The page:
Critical mission operations and stringent requirements on propulsion, communications and other bus systems of the spacecraft are sure to keep the Bangalore-headquarterd ISRO on tenterhooks.

“One of the technological challenges is to realise related deep space mission planning and communication management at a distance of nearly 400 million km”, an ISRO official said.

The spacecraft has been provided with augmented radiation shielding for its prolonged exposure in the Van Allen belt. Due to the long range of the order of 55-400 million km from Earth to Mars, there is a communication delay of 20 minutes one way itself. For this reason, ISRO has built high level of onboard autonomy within Mars orbiter. For Chandrayaan-1, ISRO had to deal with only four lakh kms.

The robustness and reliability of propulsion system is “one order higher” as after leaving the orbit of Earth the system would require to work after almost 300 days. And during this voyage, the system needs to maintain complete integrity so as to capture the Martian orbit.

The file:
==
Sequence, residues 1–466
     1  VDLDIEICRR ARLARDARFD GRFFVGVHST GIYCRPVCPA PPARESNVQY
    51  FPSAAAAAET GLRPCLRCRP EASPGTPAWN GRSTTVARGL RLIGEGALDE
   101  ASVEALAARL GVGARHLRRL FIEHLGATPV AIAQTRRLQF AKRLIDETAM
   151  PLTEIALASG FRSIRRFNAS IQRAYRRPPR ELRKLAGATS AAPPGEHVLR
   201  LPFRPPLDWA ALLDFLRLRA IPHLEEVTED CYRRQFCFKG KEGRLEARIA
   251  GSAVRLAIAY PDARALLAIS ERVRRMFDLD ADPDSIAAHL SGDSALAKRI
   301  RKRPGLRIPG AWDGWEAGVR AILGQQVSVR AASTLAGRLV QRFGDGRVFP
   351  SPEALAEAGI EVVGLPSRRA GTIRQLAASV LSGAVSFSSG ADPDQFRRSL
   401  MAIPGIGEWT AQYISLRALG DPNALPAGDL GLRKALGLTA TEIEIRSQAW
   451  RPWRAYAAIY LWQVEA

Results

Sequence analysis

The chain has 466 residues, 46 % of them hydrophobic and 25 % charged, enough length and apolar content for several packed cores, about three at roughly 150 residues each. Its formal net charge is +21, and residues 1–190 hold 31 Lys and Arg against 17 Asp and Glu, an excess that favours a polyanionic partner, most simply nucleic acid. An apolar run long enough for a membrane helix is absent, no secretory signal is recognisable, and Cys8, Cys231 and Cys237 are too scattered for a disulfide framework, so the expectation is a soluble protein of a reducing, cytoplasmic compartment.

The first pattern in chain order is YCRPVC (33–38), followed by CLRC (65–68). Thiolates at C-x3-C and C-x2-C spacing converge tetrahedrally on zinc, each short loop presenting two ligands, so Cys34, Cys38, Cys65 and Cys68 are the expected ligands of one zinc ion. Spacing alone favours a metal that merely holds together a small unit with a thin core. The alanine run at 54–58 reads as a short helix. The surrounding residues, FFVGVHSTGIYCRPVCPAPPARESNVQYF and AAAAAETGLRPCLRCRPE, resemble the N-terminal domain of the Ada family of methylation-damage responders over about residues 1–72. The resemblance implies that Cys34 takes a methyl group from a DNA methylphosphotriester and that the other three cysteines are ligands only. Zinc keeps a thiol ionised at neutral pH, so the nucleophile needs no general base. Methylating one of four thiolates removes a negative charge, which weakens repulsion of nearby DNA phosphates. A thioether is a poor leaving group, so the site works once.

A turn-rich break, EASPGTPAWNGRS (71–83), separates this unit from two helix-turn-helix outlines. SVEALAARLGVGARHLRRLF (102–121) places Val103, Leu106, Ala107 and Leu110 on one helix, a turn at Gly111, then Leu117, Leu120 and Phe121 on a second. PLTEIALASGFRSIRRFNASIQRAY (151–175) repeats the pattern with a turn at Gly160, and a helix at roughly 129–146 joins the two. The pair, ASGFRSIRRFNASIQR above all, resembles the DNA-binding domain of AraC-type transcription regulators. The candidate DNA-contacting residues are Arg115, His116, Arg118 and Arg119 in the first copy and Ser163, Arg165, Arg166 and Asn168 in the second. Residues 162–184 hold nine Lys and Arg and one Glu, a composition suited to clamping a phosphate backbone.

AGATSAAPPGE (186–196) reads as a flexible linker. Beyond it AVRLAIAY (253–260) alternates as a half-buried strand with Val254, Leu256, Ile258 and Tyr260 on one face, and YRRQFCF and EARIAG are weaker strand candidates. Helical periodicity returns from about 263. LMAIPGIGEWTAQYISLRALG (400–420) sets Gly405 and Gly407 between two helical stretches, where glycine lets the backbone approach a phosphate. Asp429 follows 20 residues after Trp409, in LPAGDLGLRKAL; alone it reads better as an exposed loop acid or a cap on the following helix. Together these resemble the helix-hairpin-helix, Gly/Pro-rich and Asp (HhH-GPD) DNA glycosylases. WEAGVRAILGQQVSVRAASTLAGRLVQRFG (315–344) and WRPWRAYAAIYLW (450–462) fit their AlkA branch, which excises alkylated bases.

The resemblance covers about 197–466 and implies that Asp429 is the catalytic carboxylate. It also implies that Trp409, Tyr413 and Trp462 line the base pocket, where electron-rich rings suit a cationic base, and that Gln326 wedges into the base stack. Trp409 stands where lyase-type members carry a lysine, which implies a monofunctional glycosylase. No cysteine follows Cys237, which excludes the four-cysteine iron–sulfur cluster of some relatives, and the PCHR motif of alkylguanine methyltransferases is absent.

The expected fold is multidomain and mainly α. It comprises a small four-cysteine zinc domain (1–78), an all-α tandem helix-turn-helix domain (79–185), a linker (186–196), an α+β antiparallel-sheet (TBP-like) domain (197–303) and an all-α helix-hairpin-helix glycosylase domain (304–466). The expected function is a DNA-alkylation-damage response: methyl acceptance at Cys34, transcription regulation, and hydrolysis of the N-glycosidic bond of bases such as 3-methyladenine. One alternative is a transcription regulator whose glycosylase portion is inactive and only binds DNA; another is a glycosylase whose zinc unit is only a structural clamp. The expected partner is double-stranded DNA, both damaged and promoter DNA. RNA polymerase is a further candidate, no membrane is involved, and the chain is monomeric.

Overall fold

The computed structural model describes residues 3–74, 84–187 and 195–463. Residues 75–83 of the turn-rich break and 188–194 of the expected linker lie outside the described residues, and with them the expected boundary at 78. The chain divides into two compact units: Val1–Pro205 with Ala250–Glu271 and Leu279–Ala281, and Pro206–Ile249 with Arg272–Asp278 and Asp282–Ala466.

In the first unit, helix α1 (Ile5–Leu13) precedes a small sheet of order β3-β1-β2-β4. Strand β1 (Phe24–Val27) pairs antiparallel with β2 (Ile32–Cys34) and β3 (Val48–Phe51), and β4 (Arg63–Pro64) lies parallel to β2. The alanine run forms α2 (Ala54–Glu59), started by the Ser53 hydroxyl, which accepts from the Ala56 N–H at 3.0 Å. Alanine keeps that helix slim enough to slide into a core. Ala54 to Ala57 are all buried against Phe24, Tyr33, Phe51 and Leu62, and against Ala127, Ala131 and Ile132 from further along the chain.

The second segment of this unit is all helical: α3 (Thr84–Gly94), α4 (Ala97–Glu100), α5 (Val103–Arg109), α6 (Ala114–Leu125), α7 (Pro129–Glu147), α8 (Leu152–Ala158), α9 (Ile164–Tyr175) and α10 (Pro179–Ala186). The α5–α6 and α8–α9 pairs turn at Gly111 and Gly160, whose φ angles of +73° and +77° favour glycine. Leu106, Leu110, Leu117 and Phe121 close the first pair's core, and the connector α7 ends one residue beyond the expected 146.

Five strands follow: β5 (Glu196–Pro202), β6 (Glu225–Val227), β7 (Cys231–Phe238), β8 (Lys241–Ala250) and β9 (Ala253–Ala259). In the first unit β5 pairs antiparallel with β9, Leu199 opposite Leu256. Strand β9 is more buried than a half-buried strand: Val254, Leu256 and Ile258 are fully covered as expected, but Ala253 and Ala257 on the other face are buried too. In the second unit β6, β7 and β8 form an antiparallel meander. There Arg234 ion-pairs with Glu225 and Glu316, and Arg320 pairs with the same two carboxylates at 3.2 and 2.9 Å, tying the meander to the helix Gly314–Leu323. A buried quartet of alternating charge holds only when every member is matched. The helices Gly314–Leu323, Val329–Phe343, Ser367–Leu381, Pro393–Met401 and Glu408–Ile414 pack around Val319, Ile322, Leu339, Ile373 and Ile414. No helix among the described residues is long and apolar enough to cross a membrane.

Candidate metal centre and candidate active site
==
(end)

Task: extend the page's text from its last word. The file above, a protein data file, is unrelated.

Capture of the Mars orbit or the Martian insertion is the critical event that would determine the success of this mission, ISRO officials say.

Besides the Mars Orbiter, ISRO has also planned a series of launches of various satellites both from the country and Kourou, French Guiana, during the current financial year.

India’s communication satellite INSAT-3D is slated to be launch onboard Ariane 5 rocket from French Guiana by the end of this month while the European spaceport would also launch the GSAT-7 during the year.

GSAT-14 would be launched on board GSLV on August 6 to be followed by SPOT-7, earth observation satellite, which would be put in space by a PSLV in December this year, ISRO has said.

The Indian space agency also planned to undertake GSLV Mark III experimental mission in January next year and launch the country’s second navigation satellite IRNSS-1D in March.

IRNSS-1A, the first in the series of seven navigation satellites under the Indian Regional Navigation Satellite System (IRNSS), was launched onboard PSLV C22 from Sriharikota on July 2.

Quelle: The Hindu

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Update: 7.09.2013